Wednesday, July 20, 2016

Made in the image of God and yes it matters

I know what it's like to be different. When I was a kid, my eyes were crossed. Corrective surgery helped, but I wore glasses long before anyone else my age did. And I had the big, thick Coke bottle glass lenses, too. So that earned me lots of hurtful nicknames. Lots of people in the world make different a bad thing. But my mom loved me the way I was. In fact, she said we are all different in one way or another, and that's a good thing.

Unfortunately, there seem to be a lot of people in the world who have not gotten that message. Muslims, Arabs, Christians, Jews, blacks, whites, Hispanics, Koreans, Turks, Iraquis, Syrians, Afghans, men, women, teens, gays, straights, trans, Republicans, Democrats and Green Partyers too ... we are ALL fighting. Heck, even Taylor Swift and Kanye West are trash talking again. We cannot seem to get along. We are either trying to force everyone to think and do things our way, or else we are trying to wipe the other off the face of the planet. When it comes right down to it, much of the violence in the world has to do with the way we see each other. For too many of us, different means bad.

But the book of Genesis tells us that God created the entire universe and everything in it. And human beings have been given a special place in the creation. It is WE who bear the image of God. We are like God, and that makes all of us super special. Human beings are the best thing God ever made. Think about it. YOU are the masterpiece in God's gallery. You are the crowning jewel in God's crown. You are the best of the best. The cream of the crop. The apple in God's eye. You are God's finest achievement. When God made you, God looked down and smiled and said, "Now, that is good!"

The psalmist reflects on this in chapter 8:
I often think of the heavens your hands have made, and of the moon and stars you put in place. Then I ask, 'Why do you care about us humans? Why are you concerned for us weaklings? You made us a little lower than you yourself, and you have crowned us with glory and honor.
How do you feel when you hear those words? We are just a little lower than God?!?! Are you filled with awe and wonder and amazement? Are you sitting straighter in your seat? Is your chin raised a little? If you feel a little better about yourself and your neighbors, I think that is just what the psalmist intended. We have been made in the image of God! Those words raise us up and put us just under the perfection of the Almighty God! Wow!

The creation story in Genesis teaches us that every human being is made in the image of God, but we do not see that! We do not see God in ourselves. We do not see God in our neighbors. And we do not teach our children to see God in their own faces. And it is our responsibility. It is our responsibility as parents. It is our responsibility as citizens It is our responsibility as a Church. It is our job to teach children to value life. It is our responsibility to teach children to treasure their own lives, and it is our responsibility to teach children to value the lives of other people.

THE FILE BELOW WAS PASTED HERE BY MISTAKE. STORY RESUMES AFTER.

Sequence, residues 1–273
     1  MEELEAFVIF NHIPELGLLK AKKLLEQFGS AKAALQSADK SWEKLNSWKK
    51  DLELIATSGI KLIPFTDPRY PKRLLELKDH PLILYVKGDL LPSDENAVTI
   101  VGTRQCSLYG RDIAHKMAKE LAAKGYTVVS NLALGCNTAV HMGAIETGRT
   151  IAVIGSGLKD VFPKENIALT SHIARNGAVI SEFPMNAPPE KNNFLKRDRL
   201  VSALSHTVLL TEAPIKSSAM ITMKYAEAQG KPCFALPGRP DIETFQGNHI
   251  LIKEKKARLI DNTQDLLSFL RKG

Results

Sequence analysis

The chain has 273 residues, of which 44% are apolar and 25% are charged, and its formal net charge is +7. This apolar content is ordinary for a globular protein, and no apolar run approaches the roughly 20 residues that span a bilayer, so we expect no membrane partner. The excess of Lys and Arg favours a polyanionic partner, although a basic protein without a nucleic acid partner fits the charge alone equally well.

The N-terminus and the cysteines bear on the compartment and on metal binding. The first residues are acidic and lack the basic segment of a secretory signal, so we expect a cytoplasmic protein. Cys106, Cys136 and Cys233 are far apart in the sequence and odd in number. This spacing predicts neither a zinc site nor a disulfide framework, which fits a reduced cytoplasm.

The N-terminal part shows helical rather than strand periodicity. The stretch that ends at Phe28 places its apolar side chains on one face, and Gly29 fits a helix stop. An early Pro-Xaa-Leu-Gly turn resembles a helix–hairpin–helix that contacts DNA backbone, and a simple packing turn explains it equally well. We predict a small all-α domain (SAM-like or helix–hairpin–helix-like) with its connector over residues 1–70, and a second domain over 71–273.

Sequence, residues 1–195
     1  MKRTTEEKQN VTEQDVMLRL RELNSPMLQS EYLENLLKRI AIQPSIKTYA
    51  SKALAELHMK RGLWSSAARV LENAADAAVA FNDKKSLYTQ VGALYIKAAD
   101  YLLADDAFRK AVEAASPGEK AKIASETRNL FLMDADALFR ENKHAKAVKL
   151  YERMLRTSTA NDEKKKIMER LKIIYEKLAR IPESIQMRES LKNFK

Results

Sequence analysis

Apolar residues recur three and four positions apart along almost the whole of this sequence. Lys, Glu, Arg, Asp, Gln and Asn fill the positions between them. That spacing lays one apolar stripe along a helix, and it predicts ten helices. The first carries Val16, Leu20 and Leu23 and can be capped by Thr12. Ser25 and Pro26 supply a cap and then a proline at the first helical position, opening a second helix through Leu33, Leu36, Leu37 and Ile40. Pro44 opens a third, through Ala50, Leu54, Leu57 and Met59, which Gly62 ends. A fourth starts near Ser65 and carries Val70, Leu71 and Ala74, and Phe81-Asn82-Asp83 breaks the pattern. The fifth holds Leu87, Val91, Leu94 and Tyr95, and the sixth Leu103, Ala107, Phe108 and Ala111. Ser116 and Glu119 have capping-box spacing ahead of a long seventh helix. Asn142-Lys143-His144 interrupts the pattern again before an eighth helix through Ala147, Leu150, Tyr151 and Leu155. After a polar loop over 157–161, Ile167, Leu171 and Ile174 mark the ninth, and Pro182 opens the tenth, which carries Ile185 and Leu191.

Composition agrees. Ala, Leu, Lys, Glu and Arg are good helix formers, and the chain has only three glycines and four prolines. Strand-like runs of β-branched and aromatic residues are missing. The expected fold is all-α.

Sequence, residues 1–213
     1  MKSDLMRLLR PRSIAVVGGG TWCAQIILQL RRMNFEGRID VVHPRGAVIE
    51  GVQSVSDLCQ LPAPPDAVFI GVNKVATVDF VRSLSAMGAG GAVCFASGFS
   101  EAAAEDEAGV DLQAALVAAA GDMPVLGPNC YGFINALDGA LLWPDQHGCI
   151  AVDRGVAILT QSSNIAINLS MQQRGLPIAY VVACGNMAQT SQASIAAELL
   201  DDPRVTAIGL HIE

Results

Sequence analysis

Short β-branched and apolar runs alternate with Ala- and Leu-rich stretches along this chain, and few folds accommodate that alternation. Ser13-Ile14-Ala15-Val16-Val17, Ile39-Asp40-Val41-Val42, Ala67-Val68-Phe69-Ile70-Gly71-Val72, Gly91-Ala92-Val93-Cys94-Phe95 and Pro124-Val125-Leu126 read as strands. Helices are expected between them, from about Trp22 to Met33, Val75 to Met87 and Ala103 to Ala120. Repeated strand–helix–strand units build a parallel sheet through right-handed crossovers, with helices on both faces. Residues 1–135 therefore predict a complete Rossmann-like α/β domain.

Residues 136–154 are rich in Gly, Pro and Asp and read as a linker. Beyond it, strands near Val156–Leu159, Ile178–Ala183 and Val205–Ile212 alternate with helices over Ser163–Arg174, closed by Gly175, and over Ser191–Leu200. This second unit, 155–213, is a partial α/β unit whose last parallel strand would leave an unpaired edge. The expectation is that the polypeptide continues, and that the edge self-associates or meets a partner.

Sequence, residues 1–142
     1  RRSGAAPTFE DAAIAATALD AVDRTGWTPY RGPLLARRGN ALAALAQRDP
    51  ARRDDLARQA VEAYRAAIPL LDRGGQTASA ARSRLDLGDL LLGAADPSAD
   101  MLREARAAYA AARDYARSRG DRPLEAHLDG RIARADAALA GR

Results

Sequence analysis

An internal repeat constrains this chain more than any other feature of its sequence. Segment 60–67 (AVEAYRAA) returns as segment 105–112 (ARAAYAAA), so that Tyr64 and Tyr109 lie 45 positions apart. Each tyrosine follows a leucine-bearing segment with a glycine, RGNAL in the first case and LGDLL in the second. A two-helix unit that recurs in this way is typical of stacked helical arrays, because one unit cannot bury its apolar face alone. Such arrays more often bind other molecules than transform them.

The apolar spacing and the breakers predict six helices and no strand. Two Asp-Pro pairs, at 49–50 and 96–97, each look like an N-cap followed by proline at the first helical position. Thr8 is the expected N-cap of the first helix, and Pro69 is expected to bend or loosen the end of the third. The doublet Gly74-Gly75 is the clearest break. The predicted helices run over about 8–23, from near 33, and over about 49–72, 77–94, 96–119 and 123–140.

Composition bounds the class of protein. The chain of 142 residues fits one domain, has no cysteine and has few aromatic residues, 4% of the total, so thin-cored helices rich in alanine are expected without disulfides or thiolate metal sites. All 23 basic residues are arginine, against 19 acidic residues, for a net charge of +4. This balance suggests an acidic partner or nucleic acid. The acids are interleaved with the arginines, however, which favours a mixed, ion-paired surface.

We MUST teach children to value themselves as persons of great worth. They are made in the very image of God! Each one is precious! Each one is special! Each one is sacred! And it is our duty to show them just how valuable they are. If they do not value their own lives, they are not likely to treasure any other life. And we have seen what awful things happen when we do not treasure human life.

A few years ago, I read, "Unbroken," which is the story of Louis Zamperini, an Olympic athlete who became a Japanese prisoner of war during WWII. The book includes some  horrifying details about the abuse the prisoners suffered. One reason the Japanese soldiers could treat the Allied prisoners so badly is that the Japanese people believed that they were superior to all other races. They had been taught to believe that Anglo-Saxons were devils. Beasts. Sub-human. They did not see God in their captives. And, when we do not see God in the people around us, it is easy to dismiss them. It is easy to ignore them. It is easy to hurt them.

That is why the Black Lives Matter movement is so important. They are not saying that other lives do NOT matter. They are trying to tell the world that THEIR lives matter, too.

We may believe that racism and prejudice are a thing of the past, but the truth is they are not. When I get stopped for a burned out tail light, police officers gently point it out and send me on my way. I never have to worry about my safety when I am in the presence of police officers. Never. The same is not true for our neighbors with darker skin. And that is not right. That is not fair. That is not justice. And we, the white community, must do what we can to make things right.

Don't misunderstand me. I admire police officers. I know they have an incredibly difficult job. And I believe most of them do what they do because they want to help people. Their lives matter, too. But we must find a way forward that acknowledges the sacred worth of EVERY life.

Right now, our neighbors are hurting. Police officers are hurting. The black community is hurting. They are wounded. They are angry. They are fed up with injustice. And it is our job to help them. Jesus tells us in Matthew 25 that we will be held accountable for the way we treat one another. When we mistreat one another, it is just like we are abusing Jesus. When we make fun of people who are different from us, we are taunting Jesus. When we take advantage of the weak, we are cheating Jesus. When we use ugly names for people, we are calling Jesus ugly names. When we  yell at people, we are screaming at Jesus. When we hit people, we are throwing punches at Jesus. When we aim a gun at people, we are targeting Jesus. And God will judge us for it.

God will hold us accountable. God will judge us for what we do, and God will judge us for what we refuse to do.